In the spring of 1920, at the London and San Remo conferences, Great Britain gained rights to the Palestine mandate, and on June 24, 1922, at the League of Nations meeting in Geneva, the mandate was officially instituted. Eastern borders of the mandate were drawn with an eye toward facilitating the building of a British oil pipeline from its mandate in Iraq through Transjordan (now Jordan) to seaports in Palestine. In September, the eastern portion of the mandate (then known as the Emirate of Transjordan and now known as Jordan), an autonomous political division under ՙAbd Allā ibn al-Ḥusayn, elder son of the sharif of Mecca, was excluded from all provisions concerning Jewish settlement, while the territory west of the Jordan River became known as Palestine.

Significance

Although some British officials, such as George Nathaniel Curzon, Curzon, George Nathaniel former viceroy of India, expressed serious reservations about British support of Zionism, many others naïvely believed that Arabs and Jews could live in harmony in Palestine. Since the Balfour Declaration only referred to a national home for the Jews, the Turkish millet system, which allowed for semiautonomous confessional communities, was thought a possible solution to the conflicting promises arising from British policy. Nevertheless, shortly after the mandate was established, the Fifth Palestine Arab Congress, held in Nabulus in August of 1922, adamantly rejected any efforts to establish a Jewish homeland through immigration, and the congress adopted a covenant to resist such a policy. After some 200,000 deaths in Arab-Israeli wars, thousands of additional Jewish and Palestinian civilian deaths as the result of assassinations and terrorism, and related global hostilities between Islamic societies and the Christian West, a peaceful resolution to the mandate’s inherent contradictions remained elusive. League of Nations;Palestine British mandate (Palestine) Palestine;British mandate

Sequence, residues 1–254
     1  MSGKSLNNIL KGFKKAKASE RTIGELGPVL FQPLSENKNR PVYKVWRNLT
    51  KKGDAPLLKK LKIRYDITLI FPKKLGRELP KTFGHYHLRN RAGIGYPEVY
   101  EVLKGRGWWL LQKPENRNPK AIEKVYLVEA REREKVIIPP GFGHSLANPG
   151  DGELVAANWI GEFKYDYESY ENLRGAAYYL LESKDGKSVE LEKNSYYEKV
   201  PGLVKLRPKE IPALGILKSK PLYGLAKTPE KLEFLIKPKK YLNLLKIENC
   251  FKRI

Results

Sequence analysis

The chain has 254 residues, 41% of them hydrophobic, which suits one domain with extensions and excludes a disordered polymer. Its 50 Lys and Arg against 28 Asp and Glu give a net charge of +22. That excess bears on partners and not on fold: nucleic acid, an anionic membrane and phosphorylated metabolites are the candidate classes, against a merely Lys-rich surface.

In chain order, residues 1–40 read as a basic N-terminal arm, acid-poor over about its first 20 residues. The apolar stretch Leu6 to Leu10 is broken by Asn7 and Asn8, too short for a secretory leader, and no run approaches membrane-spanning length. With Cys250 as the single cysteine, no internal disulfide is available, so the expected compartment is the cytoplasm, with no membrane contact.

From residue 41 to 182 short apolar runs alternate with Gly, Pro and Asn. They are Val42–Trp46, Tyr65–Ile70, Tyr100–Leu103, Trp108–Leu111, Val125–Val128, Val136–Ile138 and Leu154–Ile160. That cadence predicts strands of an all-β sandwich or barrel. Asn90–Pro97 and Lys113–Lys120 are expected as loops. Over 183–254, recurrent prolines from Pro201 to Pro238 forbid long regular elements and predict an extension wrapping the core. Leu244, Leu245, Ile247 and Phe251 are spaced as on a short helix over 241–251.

Further Reading
  • citation-type="booksimple"

    xlink:type="simple">Fromkin, David. A Peace to End All Peace: The Fall of the Ottoman Empire and the Creation of the Modern Middle East. New York: Henry Holt, 1989. A comprehensive history of the battles and negotiations that ended World War I in the Middle East.
  • citation-type="booksimple"

    xlink:type="simple">Sanders, Ronald. The High Walls of Jerusalem: A History of the Balfour Declaration and the Birth of the British Mandate for Palestine. New York: Holt, Rinehart and Winston, 1983. A detailed account of events during World War I leading to the Balfour Declaration and the British mandate.
  • citation-type="booksimple"

    xlink:type="simple">Segev, Tom. One Palestine, Complete: Jews and Arabs Under the British Mandate. Translated by Haim Watzman. New York: Henry Holt, 2000. Passionate stories of Jews and Arabs in Palestine who experienced the events that led to the creation of the mandate.
  • citation-type="booksimple"

    xlink:type="simple">Sicker, Martin. Reshaping Palestine: From Muhammad Ali to the British Mandate, 1831-1922. Westport, Conn.: Praeger, 1999. A history of the emergence of Zionism and its role in the creation of Palestine.
  • citation-type="booksimple"

    xlink:type="simple">Stein, Leonard. The Balfour Declaration. New York: Simon & Schuster, 1961. Detailed description of the events and statesmen associated with the Balfour Declaration by a friend of the leading Zionists.